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“The preissuance submission provision in the America Invents Act aims to bring the most relevant prior art to the examiner’s attention as early as possible during prosecution to enhance examination effectiveness and efficiency,” says Undersecretary of Commerce for Intellectual Property and Director of the U.S. Patent and Trademark Office (USPTO) David Kappos.
A preissuance submission gives the third-party submitter an opportunity to convince a patent examiner that the prior art being submitted needs to be applied to reject pending claims. The submitter’s goal is to have the prior art applied by the examiner so as to force the patent applicant to narrow the scope of any subsequently allowed claims, or prevent allowance of the patent application. It is accordingly important to understand the patent examination process from the patent examiner’s point of view so that the relevance of prior art submitted in a preissuance submission can be presented in a way that makes the examiner’s job of applying the prior art as convenient as possible.
Examining Patent Applications
After reviewing a patent application for formal matters, a patent examiner conducts a prior art search in which he/she looks for prior art teachings of each of the elements recited in the pending claims of the application. The fact that all the elements of one or more pending claims can be found or suggested collectively in the teachings of two or more prior art references does not necessarily lead to a finding or conclusion of “obviousness.” A legal finding of obviousness has to be based on certain criteria or standards for combining or modifying the teachings of prior art references that are listed in the Manual of Patent Examining Procedures(MPEP) §2141.
A preissuance submission is filed together with a concise description of the asserted relevance of each item identified in the submitted prior art documents.
Submitters of preissuance submission are not allowed to propose how claims are to be or should be rejected. If a preissuance submission includes reference to a claim being “anticipated” by or “obvious” over the prior art, the preissuance submission will be held non-compliant and will not be entered into the application file and/or considered by the examiner. Preissuance submitters need to identify where claim elements are disclosed in prior art references should be rejected, they should identify teachings within the prior art that meet or suggest the criteria or standards for combining or modifying the teachings of prior art references noted in MPEP §2141—and bring these teachings to the examiner’s attention. Pointing out teachings within the prior art that support the criteria or standards for combining or modifying the teachings of prior art references assists the examiners in formulating rejections of the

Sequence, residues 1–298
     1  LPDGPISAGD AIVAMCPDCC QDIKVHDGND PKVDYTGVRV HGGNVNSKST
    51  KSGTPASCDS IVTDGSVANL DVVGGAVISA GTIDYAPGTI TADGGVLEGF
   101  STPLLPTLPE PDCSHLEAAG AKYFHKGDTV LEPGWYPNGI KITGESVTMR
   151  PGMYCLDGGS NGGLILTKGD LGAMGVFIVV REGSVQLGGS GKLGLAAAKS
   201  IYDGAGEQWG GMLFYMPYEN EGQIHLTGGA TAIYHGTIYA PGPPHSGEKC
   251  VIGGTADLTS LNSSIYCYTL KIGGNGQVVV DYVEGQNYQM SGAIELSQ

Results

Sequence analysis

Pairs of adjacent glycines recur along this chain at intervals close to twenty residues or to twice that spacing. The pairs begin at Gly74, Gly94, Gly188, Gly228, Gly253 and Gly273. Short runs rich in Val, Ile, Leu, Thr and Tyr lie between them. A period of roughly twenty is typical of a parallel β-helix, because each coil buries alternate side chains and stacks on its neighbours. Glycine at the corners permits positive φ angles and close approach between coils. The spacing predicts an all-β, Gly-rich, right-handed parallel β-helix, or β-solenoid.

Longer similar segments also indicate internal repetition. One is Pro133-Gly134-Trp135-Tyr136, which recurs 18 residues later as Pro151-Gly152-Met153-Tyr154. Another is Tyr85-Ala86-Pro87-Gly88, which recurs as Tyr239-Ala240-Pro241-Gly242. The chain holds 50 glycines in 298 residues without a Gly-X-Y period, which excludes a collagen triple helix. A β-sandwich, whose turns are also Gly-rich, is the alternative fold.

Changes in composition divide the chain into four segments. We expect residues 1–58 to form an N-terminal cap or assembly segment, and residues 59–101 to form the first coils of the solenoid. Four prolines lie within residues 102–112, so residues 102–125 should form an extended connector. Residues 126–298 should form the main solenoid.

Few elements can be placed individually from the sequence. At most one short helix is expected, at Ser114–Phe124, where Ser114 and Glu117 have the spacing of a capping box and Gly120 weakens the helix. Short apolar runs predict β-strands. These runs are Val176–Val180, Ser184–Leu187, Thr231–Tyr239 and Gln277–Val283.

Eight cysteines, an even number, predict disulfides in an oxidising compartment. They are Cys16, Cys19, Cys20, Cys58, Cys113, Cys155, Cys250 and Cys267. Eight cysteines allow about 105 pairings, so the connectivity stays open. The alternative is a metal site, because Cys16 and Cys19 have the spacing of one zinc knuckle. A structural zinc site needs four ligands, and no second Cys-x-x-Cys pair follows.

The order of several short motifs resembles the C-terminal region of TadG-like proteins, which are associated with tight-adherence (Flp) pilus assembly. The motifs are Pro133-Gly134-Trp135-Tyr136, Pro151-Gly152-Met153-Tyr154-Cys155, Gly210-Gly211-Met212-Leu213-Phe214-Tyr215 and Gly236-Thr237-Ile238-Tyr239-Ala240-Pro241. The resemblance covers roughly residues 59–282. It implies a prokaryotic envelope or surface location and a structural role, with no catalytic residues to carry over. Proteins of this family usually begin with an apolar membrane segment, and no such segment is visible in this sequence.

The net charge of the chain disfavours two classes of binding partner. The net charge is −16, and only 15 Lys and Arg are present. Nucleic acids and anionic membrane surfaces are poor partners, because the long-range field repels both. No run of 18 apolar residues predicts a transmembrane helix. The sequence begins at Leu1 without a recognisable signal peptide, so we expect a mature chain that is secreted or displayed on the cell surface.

A concise description of relevance is not required to be presented in a particular format. The USPTO notes that one option is to present the concise descriptions in a narrative form. Another option is to present a claim chart mapping various portions of a submitted printed publication to different claim elements. Providing a claim chart identifying where elements recited in the pending claims of an application are discussed in the prior art will make it easier for an examiner to keep track of all claim elements, particularly when there are numerous claims and more than a few prior art references.
A narrative summary of each prior art reference preceding the claim chart will provide an examiner with an overview of the prior art. The narrative summary can transition from a summary of each prior art reference into an identification of any teachings within the prior art that support the criteria or standards for combining or modifying the teachings of prior art references noted in MPEP §2141.
Preissuance submissions are a one-chance opportunity to present prior art in such a way that an examiner will be convinced to apply the prior art to reject pending claims in a patent application. A careful and complete analysis of prior art submitted in a preissuance submission, together with concise descriptions that clearly identify both pending claim elements and basis for modifying and/or combining teachings found in the prior art, is paramount to being able to limit the scope of claims that will be allowed in a pending application and possibly even preventing the application from issuing.
Any views or opinions expressed in this column are those of the author and do not represent those of Ceramic Industry, its staff, Editorial Advisory Board or BNP Media.